UPDATE: Why Electric Cars Will Never be a Factor in Idaho
A few weeks ago I crunched some numbers and reasoned driving to Boise was cheaper with gasoline versus charging an electric vehicle. Gasoline was 70 cents to a dollar cheaper per gallon at the time. Now some local pumps are charging $4.60 a gallon. Are my calculations still working today?
According to a piece from Fox Business Network, it depends. It depends on the price of electricity where you live. There are wide swings in cost by region and state. Another factor is where you do your charging. At home for an eight-hour stretch is cheaper than going to a charging station and especially a station offering a quick charge.
We’re coming into spring and the change of seasons benefits EVs. In cold conditions, you can lose a fifth of a charge. With the heater on, some estimates say your distance per charge drops by more than 40 percent. Imagine filling your tank with gasoline and then having more than one-third of it leak during your trip. Lost electricity does have a cost and to make up the difference we need to generate and store even more electricity.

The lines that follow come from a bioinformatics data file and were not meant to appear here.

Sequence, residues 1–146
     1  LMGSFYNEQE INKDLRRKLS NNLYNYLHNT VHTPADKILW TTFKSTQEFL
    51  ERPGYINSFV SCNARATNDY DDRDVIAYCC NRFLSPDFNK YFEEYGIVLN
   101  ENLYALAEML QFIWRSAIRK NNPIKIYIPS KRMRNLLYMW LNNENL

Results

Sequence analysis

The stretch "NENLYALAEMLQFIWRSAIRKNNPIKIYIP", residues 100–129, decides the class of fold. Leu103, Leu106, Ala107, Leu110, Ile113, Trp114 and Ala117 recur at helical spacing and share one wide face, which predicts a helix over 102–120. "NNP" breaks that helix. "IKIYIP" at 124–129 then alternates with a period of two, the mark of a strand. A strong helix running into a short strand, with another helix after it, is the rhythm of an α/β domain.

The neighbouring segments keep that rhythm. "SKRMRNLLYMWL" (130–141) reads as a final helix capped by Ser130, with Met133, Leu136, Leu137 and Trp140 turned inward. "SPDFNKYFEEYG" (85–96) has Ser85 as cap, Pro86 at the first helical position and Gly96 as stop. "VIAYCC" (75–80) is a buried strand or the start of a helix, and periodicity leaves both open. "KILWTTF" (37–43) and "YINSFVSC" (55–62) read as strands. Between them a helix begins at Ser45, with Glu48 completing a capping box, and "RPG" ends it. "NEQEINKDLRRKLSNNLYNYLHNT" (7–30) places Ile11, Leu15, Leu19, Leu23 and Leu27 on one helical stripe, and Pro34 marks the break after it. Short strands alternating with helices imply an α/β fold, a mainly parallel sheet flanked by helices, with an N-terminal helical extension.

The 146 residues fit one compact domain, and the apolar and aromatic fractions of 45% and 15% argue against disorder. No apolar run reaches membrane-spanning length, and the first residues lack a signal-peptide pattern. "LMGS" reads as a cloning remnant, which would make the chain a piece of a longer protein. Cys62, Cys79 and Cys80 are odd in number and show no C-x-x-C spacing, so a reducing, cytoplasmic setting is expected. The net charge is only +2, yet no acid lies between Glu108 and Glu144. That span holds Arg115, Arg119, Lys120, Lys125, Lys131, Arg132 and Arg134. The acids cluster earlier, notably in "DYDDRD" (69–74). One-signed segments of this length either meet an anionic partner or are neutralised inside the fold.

If you could snap your fingers and convert the domestic fleet to electricity by tomorrow, roads would be very empty. We’re short batteries and rare earth minerals and the current grid couldn’t support the electricity load. We will see price spikes for peak demand and will likely need to burn a lot of coal to generate power. Why? Because coal is abundant and constant. A couple of things renewables can’t duplicate.
Coal, oil, and natural gas are still bridges to the future. A future that also includes a rapid building program for nuclear and hydrogen.
Mr. Biden and his fellow travelers can’t deliver fast enough. They’ll pay a steep price themselves in November.